It’s a common misconception that nostalgia is purely an adult phenomenon, harking back decades to fond memories of youth. However, through all of our research, we have found that even teenagers experience nostalgia despite their young age, with brands being well-positioned to tap into these potent emotions to re-engage audiences around an IP that may not be as relevant as it once was.
Nostalgia in teens
The process of growing up involves many changing ‘chapters’, creating many potential phases that teens can be nostalgic about. For adults, powerful reminiscence might occur around things from 10 to 15 years ago, but for teens, nostalgia can strike for memories and events just three to five years prior. This difference presents significant opportunities for companies to harness the power of nostalgia to rekindle interest in their product or Intellectual Property (IP) sooner than typically considered. Adjusting for point of entry and re-engagement, leaning into these nostalgic feelings, should be considered in an IP life cycle.
We often see examples of nostalgic reconnection in video games. For instance, the re-release of ‘Fortnite OG’, a season that harkens back to the original map of the seminal game from five years ago, has caused teenagers around the world to scramble to reactivate their accounts and reunite their old gaming crews from elementary or middle school. This speaks volumes about the pull that reminiscent experiences and the comfort of mastered skills have on teenagers’ engagements with brands and their IPs. The big question now is, will Fortnite retain these OG-returners now that the limited-time OG experience is no longer?
Events that can bridge these emotions with socialization are even more powerful. As seen in Magid’s recent Generation NEXT study about teens and gaming, over half of kids aged 10-17 rate playing with friends as their favorite thing to do while gaming – adding weight to the potency of shared nostalgia. This isn’t just about games either, as the Gentleminions trend (where groups of teens dressed up in their best attire to attend screenings of the new Minions film in the summer of ‘22, a franchise that had deep roots in their childhood) also shows us. Or the rise of childhood favorite IPs making a comeback in proud displays of merchandise and apparel – from Lightning McQueen Crocs to signature Barbie hoodies.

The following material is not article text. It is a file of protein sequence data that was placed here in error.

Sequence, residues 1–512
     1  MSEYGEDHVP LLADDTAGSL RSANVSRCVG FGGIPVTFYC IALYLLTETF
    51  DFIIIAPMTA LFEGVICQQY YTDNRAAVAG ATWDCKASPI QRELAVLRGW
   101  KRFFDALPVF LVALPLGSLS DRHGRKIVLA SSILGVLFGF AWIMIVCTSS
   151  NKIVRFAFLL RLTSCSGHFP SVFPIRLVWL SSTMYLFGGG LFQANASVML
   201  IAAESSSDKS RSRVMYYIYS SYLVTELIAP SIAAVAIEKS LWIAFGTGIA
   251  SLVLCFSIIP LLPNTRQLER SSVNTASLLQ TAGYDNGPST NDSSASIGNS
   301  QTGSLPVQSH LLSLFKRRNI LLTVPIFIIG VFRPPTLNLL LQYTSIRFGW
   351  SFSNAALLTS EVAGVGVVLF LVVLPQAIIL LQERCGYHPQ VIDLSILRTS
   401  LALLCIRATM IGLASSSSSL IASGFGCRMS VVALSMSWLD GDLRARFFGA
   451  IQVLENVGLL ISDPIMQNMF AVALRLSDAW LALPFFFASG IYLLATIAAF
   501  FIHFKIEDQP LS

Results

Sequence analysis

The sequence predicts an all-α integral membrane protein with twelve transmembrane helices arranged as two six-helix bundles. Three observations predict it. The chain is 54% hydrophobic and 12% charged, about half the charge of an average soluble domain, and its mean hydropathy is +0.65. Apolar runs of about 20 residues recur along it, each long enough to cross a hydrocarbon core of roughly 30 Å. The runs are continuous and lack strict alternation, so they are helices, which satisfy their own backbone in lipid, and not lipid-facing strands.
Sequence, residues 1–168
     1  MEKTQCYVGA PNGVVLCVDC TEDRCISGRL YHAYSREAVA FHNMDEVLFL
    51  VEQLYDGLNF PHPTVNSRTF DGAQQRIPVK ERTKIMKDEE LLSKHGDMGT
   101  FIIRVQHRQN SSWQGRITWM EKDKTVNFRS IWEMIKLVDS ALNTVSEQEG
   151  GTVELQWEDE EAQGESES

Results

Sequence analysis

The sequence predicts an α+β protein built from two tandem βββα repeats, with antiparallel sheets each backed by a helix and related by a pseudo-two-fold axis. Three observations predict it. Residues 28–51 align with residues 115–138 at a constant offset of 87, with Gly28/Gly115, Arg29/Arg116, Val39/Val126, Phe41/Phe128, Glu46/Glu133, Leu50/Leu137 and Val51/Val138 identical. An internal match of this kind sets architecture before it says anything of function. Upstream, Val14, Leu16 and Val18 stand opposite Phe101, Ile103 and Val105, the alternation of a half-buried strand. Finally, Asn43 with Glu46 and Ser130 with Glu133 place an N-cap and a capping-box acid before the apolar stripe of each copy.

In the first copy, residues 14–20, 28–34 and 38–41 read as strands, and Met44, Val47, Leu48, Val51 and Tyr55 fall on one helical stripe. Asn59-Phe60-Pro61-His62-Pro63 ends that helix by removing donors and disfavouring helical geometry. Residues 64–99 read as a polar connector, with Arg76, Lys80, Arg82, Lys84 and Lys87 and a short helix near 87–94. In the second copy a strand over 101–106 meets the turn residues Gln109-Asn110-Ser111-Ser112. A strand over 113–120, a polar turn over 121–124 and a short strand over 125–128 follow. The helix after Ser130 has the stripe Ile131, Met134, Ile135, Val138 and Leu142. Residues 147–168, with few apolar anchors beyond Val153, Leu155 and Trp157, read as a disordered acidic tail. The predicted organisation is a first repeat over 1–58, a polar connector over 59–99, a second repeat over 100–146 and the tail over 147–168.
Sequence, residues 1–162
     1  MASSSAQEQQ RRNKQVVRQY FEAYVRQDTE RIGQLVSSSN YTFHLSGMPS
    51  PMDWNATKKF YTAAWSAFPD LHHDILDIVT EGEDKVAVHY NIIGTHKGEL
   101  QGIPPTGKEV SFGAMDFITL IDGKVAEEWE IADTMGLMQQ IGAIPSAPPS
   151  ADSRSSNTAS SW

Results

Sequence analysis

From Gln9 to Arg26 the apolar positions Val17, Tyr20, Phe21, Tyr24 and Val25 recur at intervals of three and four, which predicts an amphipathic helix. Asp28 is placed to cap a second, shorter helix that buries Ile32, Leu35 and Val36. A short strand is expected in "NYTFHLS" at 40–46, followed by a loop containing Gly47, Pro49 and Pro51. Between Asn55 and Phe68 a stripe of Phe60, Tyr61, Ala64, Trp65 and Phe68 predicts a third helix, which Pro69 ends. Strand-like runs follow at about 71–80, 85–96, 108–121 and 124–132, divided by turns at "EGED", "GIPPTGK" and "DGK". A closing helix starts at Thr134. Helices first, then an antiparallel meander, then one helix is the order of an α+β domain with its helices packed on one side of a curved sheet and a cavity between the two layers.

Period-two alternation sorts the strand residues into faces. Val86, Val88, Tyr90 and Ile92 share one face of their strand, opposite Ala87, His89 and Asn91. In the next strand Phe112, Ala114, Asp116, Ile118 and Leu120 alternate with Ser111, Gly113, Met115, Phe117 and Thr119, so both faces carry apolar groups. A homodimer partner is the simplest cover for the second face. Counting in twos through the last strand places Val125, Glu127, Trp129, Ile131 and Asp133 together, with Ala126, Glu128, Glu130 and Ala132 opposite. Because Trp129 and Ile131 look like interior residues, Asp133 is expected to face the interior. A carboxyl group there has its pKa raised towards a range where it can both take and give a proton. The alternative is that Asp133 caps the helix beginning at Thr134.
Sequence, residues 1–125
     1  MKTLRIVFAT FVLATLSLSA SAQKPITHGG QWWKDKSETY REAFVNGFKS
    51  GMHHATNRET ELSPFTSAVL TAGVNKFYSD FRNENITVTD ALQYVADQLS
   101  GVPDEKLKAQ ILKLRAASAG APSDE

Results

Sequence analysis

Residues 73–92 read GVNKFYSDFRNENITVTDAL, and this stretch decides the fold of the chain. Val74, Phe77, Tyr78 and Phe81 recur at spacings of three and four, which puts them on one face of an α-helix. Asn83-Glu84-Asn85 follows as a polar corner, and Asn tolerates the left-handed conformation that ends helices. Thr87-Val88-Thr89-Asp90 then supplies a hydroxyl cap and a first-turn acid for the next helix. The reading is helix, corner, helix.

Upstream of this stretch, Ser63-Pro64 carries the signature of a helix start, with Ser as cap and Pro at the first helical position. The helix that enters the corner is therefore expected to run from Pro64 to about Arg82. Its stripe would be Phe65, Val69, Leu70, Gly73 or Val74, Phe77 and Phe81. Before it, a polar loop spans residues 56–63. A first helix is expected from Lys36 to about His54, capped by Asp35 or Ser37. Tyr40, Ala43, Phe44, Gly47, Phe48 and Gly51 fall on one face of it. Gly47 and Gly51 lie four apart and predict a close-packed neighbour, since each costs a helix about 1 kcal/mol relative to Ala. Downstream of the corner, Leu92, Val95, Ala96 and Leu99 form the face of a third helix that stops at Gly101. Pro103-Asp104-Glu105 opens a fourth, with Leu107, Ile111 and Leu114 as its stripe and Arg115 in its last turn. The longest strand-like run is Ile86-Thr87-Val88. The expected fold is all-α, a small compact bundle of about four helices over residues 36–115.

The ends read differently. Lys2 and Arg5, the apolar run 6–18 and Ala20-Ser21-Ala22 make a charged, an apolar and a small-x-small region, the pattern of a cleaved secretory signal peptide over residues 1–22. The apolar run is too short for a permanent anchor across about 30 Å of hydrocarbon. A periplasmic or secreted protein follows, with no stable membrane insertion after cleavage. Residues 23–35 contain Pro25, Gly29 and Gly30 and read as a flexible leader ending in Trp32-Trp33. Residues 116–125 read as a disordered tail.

There’s an emotional connection and comfort that comes from nostalgia. It’s akin to going back to a ‘happy place’. While a teenager’s world may seem overwhelmingly complex as they grapple with the realities of growing up, nostalgia offers an comfortable retreat and emotional safe ground. This allows teenagers to experience a shift from intense, exploratory play and challenging interpersonal interactions to simpler, low-social-risk engagements.
How brands can capitalize on this feeling
Brands can lean into the shortened nostalgia cycle among teens by planting the seeds during their milestone chapters, creating strategies that develop a connection to their IP, which can be accessed and reconnected with a few years later.
Successful attempts at this strategy can be seen in the cinema box office success of the ‘Five Nights at Freddy’s’ film, inspired by the popular jumpscare laden horror game. Teens and young adults who grew up either playing the game or watching popular streamers like PewDiePie or Markiplier play the game, turned out in droves to relive their childhood connection, demonstrating a tangible relationship between nostalgia and brand engagement.
A strategy behind a nostalgia play
It is important to note that using nostalgia should not be viewed as a sure-fire way to reinvigorate a brand. Nostalgia among deserving IPs (ones that have left a strong imprint on teens’ earlier years) serves as a tool for drawing audiences back in, but something more substantial must be offered to maintain their engagement. For this to happen, brands need to think about what makes the nostalgic trigger relevant in the present for their audiences.
A clear strategy needs to be in place behind each nostalgic play, to ensure that this sentiment captures their attention, makes them long to re-engage, and provides something meaningful and relevant to who they are today in order to ultimately help the reconnection stick. Whether that’s reimagining an old IP or creating a new one, this approach could be the honey-and-glue that turns a cultural flashpoint into an enduring relationship.
Ultimately, the power of nostalgia should not be underestimated especially among teens. Brands have a unique opportunity to tap into this potent emotional experience to draw in younger audiences and drive them back to the brand. The key to a successful engagement lies in understanding that while nostalgia can spark their attention, a stronger strategy is needed to keep them engaged and invested.
If you want to learn more about the power of nostalgia email Sarah Holmes (email@example.com) and Jason Rice (firstname.lastname@example.org).